Mark Rogers is a self-taught artist currently living in Portland, Oregon. Stylistically his work has been described as a blending of folk art, medieval renascence, and fairy tale illustration. Taking inspiration from everyday occurrences and personal experiences, Rogers crafts narratives with imaginary characters to populate.
Robert Minervini is an artist working in painting, drawing, printmaking, murals, and site-specific public art. His work examines spatial environments and notions of utopia in large-scale cityscapes, landscapes, and floral still-life arrangements, which addresses the ecological impact of humanity.
He received his MFA from the San Francisco Art Institute, and his BFA from Tyler School of Art. He has an extensive exhibition history and has participated in artist in residence programs at the Bemis Center for Contemporary Arts, the Headlands Center of the Arts.
Stacey Rozich paints a folkloric narrative that draws inspiration from many cultural references, building scenarios pulled from a realm of familiar fictional archetypes and traditions. Influence is taken from travel, world textiles, childhood memories and the many many hours spent watching television. All works are created in watercolor and gouache.
Anthony Hurd‘s work is an endeavor of exploring his own personal demons and understanding the ever changing landscapes of life. A way of expressing sometimes the inexpressible. The motifs change over time but currently the works he’s pursuing focus on cyclical nature of life, the rise and fall, the destruction and rebirth, the dark and light. Fighting depression and anxiety with introspection and personal growth. The work is a bit of a celebration of survival, and the depths of darkness that have revealed his own personal greatest truths.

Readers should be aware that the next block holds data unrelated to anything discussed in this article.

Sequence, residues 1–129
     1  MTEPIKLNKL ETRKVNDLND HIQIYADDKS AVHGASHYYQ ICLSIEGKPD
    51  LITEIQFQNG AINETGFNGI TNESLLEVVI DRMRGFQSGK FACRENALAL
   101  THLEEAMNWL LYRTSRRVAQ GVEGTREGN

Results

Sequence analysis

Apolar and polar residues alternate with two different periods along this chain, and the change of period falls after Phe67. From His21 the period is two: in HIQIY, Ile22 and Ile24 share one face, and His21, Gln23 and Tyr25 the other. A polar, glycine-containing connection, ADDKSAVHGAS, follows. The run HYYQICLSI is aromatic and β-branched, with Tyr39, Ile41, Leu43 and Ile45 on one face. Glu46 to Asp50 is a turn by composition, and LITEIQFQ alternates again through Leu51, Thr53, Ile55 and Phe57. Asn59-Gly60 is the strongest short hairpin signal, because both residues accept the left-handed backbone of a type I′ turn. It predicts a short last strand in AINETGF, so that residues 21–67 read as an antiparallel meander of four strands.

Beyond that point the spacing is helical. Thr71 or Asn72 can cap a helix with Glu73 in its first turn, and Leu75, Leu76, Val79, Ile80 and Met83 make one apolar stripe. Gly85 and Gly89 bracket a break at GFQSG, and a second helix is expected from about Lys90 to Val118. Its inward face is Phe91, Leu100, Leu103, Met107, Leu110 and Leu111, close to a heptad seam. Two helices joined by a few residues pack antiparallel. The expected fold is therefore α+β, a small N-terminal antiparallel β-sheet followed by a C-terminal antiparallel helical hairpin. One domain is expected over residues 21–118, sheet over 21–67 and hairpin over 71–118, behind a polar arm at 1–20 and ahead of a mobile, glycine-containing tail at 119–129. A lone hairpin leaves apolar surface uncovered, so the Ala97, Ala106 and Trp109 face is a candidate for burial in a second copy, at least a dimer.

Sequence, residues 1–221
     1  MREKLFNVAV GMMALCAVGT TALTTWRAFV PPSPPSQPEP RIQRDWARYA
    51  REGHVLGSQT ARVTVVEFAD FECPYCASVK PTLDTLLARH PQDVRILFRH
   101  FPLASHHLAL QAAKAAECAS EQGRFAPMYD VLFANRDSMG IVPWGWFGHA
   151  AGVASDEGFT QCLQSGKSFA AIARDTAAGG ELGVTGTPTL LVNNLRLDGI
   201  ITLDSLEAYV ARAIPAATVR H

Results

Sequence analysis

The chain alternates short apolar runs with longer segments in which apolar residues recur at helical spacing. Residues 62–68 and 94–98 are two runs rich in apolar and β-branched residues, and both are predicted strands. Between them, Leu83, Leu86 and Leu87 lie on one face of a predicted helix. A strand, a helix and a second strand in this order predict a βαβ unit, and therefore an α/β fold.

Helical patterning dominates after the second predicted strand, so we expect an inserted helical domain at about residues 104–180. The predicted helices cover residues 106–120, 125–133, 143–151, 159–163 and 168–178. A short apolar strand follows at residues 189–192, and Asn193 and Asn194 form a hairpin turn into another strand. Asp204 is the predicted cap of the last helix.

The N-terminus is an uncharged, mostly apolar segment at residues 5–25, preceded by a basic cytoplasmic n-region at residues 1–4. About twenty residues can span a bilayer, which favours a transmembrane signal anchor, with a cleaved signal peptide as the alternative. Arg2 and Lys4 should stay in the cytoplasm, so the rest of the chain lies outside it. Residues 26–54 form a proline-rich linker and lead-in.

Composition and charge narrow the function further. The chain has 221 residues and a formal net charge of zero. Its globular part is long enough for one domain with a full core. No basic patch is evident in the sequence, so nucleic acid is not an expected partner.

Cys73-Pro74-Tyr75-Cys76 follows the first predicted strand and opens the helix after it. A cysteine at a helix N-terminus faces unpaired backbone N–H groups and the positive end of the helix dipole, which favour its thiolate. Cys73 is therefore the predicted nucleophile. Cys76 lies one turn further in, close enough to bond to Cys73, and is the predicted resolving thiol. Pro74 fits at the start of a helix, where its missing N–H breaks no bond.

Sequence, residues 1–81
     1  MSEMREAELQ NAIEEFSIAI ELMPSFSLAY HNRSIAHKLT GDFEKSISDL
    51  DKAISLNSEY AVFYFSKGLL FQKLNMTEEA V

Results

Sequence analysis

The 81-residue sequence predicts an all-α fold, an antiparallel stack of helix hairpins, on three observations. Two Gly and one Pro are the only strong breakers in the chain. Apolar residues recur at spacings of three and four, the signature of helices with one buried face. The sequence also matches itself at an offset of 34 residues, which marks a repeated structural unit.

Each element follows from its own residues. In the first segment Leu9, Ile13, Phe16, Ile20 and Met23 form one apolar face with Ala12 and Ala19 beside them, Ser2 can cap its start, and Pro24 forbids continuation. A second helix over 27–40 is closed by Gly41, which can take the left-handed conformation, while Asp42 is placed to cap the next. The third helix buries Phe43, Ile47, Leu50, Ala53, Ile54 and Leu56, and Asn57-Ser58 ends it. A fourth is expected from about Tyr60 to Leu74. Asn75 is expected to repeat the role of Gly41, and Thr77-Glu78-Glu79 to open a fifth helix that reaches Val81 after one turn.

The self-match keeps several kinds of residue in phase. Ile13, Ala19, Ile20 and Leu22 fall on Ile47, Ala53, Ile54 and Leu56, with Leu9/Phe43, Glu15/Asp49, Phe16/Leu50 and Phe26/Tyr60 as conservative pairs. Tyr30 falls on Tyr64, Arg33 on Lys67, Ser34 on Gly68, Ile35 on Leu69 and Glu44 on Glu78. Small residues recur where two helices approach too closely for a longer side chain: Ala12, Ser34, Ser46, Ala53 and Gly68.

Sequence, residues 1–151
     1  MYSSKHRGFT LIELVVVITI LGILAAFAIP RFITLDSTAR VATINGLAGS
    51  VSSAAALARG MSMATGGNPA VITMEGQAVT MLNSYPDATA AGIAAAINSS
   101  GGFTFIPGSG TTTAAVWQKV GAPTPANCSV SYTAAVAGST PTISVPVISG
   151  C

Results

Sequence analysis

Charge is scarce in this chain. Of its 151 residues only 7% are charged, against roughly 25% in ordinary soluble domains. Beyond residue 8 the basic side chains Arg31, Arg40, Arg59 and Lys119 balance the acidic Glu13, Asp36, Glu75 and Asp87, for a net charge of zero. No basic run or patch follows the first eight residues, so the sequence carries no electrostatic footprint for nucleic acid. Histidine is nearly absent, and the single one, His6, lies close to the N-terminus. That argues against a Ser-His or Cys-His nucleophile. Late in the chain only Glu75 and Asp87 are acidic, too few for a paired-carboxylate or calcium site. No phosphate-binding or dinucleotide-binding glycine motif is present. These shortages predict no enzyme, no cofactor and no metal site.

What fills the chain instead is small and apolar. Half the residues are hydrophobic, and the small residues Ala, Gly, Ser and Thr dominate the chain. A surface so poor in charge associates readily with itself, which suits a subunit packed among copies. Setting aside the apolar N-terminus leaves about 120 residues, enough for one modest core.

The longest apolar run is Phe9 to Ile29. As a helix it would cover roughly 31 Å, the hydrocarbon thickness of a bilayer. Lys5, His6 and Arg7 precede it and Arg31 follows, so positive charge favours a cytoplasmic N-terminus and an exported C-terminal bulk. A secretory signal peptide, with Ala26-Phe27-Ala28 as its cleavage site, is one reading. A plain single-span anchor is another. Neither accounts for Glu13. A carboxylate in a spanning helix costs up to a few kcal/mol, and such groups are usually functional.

Much of David Rice‘s work focuses on the themes of nature and its personifying characteristics. Growing up in the mountains of Colorado, he has a special connection with the outdoors. David uses the natural landscape and its inhabitants as his primary subject matter.
Melding together an organic style with graphic overlays, his style combines a mixture of the natural world with a geometric presence. Blurring the boundary between manmade and natural. Instead of only a natural world existing, or one that is manmade, the two can coexist harmoniously if the dominant party yields to this cohesive existence.
Orlando, Florida based pop surrealist painter Johannah O’Donnell‘s paintings use natural and figurative symbolism to comment on our connection with the universe and our shifting cultural perceptions in the digital age. She tends to turn up the contrast on the wild cast of creatures and figures found in her acrylic works. These characters, who often times are found among cosmic landscapes, shine boldly with brilliant shades of purple, blue, and pink.
Johannah paints with open body, also known as slow drying, acrylics on wood panels that are hand crafted by her husband, carpenter and sculptor Adriaan Mol. Her work is influenced by 70’s Sci-Fi/Fantasy art and the American Pop Art movement and uses figurative symbolism as a narrative surrounding ideas of the human condition.